Therefore, it is crucial for climbers to comprehend that despite the seemingly moderate temperature of minus 8 degrees Celsius that can typically be anticipated at the summit, when coupled with the effects of low oxygen and wind chill, meticulous planning of clothing strategies becomes a matter of utmost importance. We are more than happy to provide guidance and advice on this matter through email correspondence.

Seasonal Weather Patterns at Everest Base Camp 

Everest Base Camp experiences distinct seasonal weather patterns. The most popular climbing seasons are spring (April-May) and autumn (September-October) due to relatively stable weather conditions and milder temperatures. These months offer better visibility and lower risk of storms. Conversely, climbers tend to avoid the summer monsoon season (June-August) and harsh winter (December-February) due to heavy rainfall, high humidity, and extreme cold, making climbing challenging.

MOEV 801
April 2024

On arrival at Tribhuvan International Airport in Kathmandu, once you've passed through Immigration and retrieved your luggage, please look out for your Team Mount Everest driver carrying a placard with your name who will transfer you to Hotel Buddy for overnight on bed and breakfast basis.

ξ…Ÿ
SESH 1501
March 2024

Day 01: Arrive in Kathmandu

ξ…Ÿ
SESH 801
March 2024

On arrival at Tribhuvan International Airport in Kathmandu, once you've passed through Immigration and retrieved your luggage, please look out for your Team Mount Everest driver carrying a placard with your name who will transfer you to Hotel Buddy for overnight on bed and breakfast basis.

ξ…Ÿ
SESH 1601
February 2024

On arrival at Tribhuvan International Airport in Kathmandu, once you've passed through Immigration and retrieved your luggage, please look out for your Team Mount Everest driver carrying a placard with your name who will transfer you to Hotel Buddy for overnight on bed and breakfast basis.

ξ…Ÿ
SESH 1001
February 2024

On arrival at Tribhuvan International Airport in Kathmandu, once you've passed through Immigration and retrieved your luggage, please look out for your Team Mount Everest driver carrying a placard with your name who will transfer you to Hotel Buddy for overnight on bed and breakfast basis.

ξ…Ÿ
IRPR 1401
December 2023

On arrival at Tribhuvan International Airport in Kathmandu, once you've passed through Immigration and retrieved your luggage, please look out for your Team Mount Everest driver carrying a placard with your name who will transfer you to Hotel Buddy in Kathmandu for overnight on bed and breakfast basis.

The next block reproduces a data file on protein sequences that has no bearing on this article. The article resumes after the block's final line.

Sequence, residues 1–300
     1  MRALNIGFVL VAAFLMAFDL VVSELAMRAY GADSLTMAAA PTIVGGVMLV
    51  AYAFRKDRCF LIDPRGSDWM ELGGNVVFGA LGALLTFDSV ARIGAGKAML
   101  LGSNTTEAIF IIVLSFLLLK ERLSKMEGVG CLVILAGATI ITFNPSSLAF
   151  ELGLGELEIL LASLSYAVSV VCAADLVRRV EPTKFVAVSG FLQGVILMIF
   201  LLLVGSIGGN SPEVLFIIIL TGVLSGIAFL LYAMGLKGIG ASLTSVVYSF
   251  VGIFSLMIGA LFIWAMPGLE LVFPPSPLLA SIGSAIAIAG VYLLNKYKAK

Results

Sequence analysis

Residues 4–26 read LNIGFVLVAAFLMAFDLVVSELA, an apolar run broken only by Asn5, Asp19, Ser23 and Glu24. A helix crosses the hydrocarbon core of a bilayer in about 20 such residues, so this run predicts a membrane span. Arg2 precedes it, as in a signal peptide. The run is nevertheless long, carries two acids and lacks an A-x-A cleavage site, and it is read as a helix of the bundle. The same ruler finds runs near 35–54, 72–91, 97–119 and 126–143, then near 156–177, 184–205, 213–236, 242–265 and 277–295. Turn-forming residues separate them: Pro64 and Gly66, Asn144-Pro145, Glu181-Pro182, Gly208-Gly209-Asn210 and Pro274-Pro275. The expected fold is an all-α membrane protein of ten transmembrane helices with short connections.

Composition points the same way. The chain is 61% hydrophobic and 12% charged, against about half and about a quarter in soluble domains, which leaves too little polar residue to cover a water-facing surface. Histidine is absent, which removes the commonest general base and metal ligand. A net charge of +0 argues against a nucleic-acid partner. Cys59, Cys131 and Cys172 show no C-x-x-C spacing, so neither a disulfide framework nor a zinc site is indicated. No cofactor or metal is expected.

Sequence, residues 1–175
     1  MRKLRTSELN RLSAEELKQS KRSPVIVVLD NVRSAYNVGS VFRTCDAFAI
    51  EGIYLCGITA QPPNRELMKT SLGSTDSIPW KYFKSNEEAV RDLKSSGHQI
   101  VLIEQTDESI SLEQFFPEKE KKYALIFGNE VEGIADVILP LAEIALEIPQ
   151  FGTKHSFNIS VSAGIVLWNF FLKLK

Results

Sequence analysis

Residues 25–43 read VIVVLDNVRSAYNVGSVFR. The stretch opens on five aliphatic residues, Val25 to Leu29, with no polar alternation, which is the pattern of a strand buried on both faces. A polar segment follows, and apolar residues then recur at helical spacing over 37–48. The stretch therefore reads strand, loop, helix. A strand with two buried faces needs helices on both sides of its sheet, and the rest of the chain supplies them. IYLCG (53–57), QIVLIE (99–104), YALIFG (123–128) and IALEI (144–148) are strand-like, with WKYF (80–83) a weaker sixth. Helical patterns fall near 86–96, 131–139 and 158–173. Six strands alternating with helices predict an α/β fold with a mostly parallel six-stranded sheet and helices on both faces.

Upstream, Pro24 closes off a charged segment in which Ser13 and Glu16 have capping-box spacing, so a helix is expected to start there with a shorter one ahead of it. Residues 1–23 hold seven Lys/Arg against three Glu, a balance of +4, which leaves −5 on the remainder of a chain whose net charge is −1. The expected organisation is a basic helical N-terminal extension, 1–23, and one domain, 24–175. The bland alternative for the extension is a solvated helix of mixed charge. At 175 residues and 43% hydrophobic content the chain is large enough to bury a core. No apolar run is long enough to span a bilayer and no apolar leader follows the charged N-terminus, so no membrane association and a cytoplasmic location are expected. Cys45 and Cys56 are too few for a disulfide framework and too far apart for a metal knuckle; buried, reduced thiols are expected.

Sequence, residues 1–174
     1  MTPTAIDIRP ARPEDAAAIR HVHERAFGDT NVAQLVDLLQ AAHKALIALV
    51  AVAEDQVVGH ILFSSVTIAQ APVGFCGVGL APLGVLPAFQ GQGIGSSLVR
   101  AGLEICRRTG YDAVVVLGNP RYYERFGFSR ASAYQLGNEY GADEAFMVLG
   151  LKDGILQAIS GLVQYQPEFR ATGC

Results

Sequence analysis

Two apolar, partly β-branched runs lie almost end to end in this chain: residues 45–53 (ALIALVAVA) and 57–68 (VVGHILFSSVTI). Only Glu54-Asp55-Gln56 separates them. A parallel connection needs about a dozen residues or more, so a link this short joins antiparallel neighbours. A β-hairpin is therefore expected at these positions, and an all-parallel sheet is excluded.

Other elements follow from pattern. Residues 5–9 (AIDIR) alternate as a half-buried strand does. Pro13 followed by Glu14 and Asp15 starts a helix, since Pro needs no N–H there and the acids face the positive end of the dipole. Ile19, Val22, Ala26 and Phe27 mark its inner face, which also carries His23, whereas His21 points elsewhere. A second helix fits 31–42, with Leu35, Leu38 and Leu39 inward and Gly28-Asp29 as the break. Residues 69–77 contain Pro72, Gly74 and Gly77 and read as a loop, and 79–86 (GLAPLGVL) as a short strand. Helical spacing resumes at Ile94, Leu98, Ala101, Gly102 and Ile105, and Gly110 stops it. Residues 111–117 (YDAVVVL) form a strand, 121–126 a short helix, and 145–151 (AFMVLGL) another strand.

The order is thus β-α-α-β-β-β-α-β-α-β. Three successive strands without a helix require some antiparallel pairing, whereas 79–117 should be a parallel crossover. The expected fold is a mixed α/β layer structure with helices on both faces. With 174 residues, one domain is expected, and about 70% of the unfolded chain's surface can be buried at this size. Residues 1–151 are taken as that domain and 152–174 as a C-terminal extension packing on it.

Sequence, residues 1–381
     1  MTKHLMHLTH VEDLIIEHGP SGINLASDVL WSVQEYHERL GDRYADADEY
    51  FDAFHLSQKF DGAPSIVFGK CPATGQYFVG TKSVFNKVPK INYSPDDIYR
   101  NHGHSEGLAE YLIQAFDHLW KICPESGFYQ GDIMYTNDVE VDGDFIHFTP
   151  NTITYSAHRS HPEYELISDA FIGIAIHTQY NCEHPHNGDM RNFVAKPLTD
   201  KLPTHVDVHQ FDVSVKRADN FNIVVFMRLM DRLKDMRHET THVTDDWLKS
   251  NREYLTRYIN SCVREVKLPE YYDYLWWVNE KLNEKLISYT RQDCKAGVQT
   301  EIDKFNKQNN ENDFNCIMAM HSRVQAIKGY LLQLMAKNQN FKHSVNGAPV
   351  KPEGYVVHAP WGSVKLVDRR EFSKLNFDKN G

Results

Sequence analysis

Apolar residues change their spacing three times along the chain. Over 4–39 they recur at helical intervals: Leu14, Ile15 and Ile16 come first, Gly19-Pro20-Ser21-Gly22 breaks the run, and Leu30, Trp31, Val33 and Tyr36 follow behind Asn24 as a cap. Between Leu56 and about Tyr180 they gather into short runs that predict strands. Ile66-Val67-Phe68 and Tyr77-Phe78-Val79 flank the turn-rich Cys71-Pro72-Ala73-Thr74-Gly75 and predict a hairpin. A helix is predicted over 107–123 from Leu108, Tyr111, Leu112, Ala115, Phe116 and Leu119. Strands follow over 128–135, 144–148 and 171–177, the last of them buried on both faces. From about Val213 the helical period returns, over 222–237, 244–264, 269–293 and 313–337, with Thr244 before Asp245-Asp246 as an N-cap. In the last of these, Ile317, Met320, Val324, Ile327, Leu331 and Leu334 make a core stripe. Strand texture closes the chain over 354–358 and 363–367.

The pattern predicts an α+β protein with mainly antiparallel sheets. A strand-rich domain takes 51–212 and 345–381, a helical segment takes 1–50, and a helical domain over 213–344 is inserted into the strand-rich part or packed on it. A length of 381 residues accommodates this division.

ξ…Ÿ
JORE 1401
December 2023

Day 1: On arrival at Tribhuvan International Airport in Kathmandu, once you've passed through Immigration and retrieved your luggage, please look out for your Team Mount Everest driver carrying a placard with your name who will transfer you to Hotel Buddy for overnight on bed and breakfast basis.

ξ…Ÿ

On arrival at Tribhuvan International Airport in Kathmandu, once you've passed through Immigration and retrieved your luggage, please look out for your Team Mount Everest driver carrying a placard with your name who will transfer you to Kathmandu Marriott Hotel for overnight on bed and breakfast basis.

ξ…Ÿ

At high altitudes, it is common to experience acute mountain sickness (AMS). Approximately three-quarters of individuals at elevations above 3,000 metres can expect to encounter mild symptoms. The occurrence of altitude sickness depends on various factors, including elevation, rate of ascent, and individual susceptibility. During the normal process of acclimatisation, many people may experience mild symptoms of altitude sickness. It is important to understand that the mild discomfort accompanying this adaptation is considered normal and acceptable.

ξ…Ÿ

Once you have cleared Immigration and collected your baggage upon arrival at Kathmandu's Tribhuvan International Airport, please keep an eye out for a Team Mount Everest driver holding a sign with your name. The driver will transport you to Hotel Buddy in Kathmandu, where you will spend the night on a bed and breakfast basis.

ξ…Ÿ

Assuming climbers are able to obtain competitive flight fares all the way into Tribhuvan International Airport (KTM) this is almost always the best means of reaching us and getting into position to begin your climb or safari. During the process of booking with us we will request your flight details and will sENd one of our drivers to meet your flight. Our driver will usually be wearing a black Team Mount Everest T-Shirt and carrying a placard with the name of the main correspondent representing your climb group.

ξ…Ÿ

A BMI (Body Mass Index) calculator is a tool used to estimate an individual's body fatness based on their height and weight. It provides a numerical value that indicates whether a person is underweight, normal weight, overweight, or obese. The BMI calculation is based on the principle that a person's weight should be proportionate to their height. To use a BMI calculator, you input your weight and height, and the calculator calculates your BMI by dividing your weight in kilograms by the square of your height in metres. The resulting BMI value is then compared to standard ranges to determine the person's weight category. While BMI is a useful screening tool, it doesn't directly measure body fat percentage or consider factors such as muscle mass or distribution of fat. It serves as a starting point for assessing an individual's weight status and can be a helpful tool in monitoring overall health and weight management.

ξ…Ÿ